Saturday, February 12, 2011

Treaties Between France and England Concerning Acadia - 1632-1763

These are the treaties that were signed as France and England battled for land across the continent. The war of 1627-1632 between England and France ended with the Treaty of St-Germain-en-Laye giving France possession of Acadia. This was the first time Acadia was recognized officially as a possession of France.
In 1654 England captured Port-Royal with the attack led by Robert Sedgwick. Until the Treaty of Breda in 1667 England had possession of Acadian. With the signing of this treaty Acadia was returned to France.

The war of the Grand Alliance 1689-1697 ended with the Treaty of Ryswick again giving France possession of Acadia.

With the war of Spanish Succession 1702-1713, the tide began to change and Britain became the possessor of Acadia with the Treaty of Utrecht.

The war of Austrian Succession 1744-1748 saw England in continued possession of Acadian lands when the Treaty of Aix-de-la Chapelle was signed.

Finally Britain would have possession of Acadia forever at the end of the Seven Years War also known as the French and Indian War 1756-1763 when the Treaty of Paris was signed.

St. Germain-en-Laye

By the treaty of St. Germain-en-Laye (1632) the English had resigned to the French Crown all interest in New France. The Treaty of Ryswick (1697), moreover, confirmed French right to the country. Hence Charles's gift to his cousin, Prince Rupert, and to those associated with him in the organization of the Hudson Bay Company, was gratuitous, if not illegal. The subsequent retransfer of the country to Britain by the Treaty of Utrecht (1713) may be said, however, to have given the company a right to its possessions, a right that was practically confirmed by the Conquest, and by the Treaty of Paris, in 1763. 


III. On the part of his Majesty of Great Britain, the said Lord Ambassador, by virtue of the Power granted to him, which shall be inserted at the end of these Presents, hath promis'd, and doth promise, for and in the name of his said Majesty, to render and restore to his most Christian Majesty all the Places possess'd in New France, Acadia and Canada, by the Subjects of his Majesty of Great Britain, and cause them to depart from those Places. And for their effect the said Lord Ambassador shall presently, upon passing and signing these Presents, deliver to the Commissioners of the most Christian King, in good Form, the Power which he hath receiv'd from his Majesty of Great Britain, for the Restitution of the said Places, together with the Orders of his said Majesty to such as command in Port Royal, Port Quebec and Cape Breton, to give up the said Places and Fort, and deliver them into the hands of those whom it shall please his most Christian Majesty to appoint, in eight days after the said Orders shall have been notify'd to those who do command, or shall command in the said Places; the said space or eight days being given them to remove, in the mean time, out of the said Places and Fort, their Arms, Baggage, Merchandizes, Gold, Silver, utensils, and in general every thing that belongs to them: to whom, and to all who live in the said Places, is granted the space of three Weeks after the expiration of the said eight days, for entering (during the said time, or sooner if possible) into their Ships, with their Arms, Ammunition, Baggage, Gold, Silver, Utensils, Merchandizes, Furs, and in general everything belonging to them, in order to depart thence into England, without any longer stay in the said Countries.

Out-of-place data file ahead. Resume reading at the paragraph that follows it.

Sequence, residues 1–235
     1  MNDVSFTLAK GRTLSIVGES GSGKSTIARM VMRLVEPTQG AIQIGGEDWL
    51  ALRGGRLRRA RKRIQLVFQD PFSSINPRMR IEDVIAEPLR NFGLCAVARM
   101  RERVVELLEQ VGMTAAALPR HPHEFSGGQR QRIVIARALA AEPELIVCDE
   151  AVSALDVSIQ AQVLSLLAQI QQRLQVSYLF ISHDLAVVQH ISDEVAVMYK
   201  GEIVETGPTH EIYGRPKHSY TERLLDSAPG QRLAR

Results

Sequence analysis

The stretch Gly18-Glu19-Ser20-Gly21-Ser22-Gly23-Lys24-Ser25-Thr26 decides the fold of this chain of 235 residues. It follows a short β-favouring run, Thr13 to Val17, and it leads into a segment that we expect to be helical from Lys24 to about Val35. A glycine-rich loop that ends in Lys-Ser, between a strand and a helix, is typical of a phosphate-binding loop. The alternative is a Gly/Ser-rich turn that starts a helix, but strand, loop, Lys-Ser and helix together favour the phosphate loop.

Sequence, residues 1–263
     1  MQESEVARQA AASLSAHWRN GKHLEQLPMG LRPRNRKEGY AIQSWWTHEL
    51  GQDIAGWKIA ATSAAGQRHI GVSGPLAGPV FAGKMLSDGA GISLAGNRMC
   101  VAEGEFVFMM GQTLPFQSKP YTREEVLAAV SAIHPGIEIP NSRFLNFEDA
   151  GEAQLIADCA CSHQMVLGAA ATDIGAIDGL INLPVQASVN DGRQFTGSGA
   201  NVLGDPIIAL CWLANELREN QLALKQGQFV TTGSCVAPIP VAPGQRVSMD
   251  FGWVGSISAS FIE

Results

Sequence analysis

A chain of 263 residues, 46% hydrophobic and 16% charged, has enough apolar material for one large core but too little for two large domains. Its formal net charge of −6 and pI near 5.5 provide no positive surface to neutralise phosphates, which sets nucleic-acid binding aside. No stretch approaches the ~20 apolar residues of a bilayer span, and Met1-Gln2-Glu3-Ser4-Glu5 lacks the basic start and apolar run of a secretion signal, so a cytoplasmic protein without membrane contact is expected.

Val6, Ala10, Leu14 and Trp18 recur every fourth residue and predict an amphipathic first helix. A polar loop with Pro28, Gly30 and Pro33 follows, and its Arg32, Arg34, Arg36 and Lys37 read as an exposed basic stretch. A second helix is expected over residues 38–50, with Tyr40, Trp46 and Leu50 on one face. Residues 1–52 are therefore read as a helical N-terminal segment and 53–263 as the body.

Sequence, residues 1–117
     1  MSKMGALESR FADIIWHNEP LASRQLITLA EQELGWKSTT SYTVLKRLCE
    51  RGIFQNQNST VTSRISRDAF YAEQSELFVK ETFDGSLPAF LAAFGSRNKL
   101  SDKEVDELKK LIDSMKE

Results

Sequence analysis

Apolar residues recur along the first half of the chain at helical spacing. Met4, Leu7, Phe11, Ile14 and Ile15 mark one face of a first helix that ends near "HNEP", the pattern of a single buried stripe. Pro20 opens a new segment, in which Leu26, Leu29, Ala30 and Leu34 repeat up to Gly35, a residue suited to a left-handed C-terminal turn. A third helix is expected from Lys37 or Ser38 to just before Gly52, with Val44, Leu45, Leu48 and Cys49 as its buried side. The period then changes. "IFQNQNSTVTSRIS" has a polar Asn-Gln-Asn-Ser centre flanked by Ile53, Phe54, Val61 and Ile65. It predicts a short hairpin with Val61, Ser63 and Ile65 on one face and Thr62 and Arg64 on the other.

Treaty of Breda

Signed on July 31, 1667 in the city of Breda, the Treaty of Breda brought a quick though not so quick conclusion to the Second Anglo-Dutch War that took place 1665 to 1667.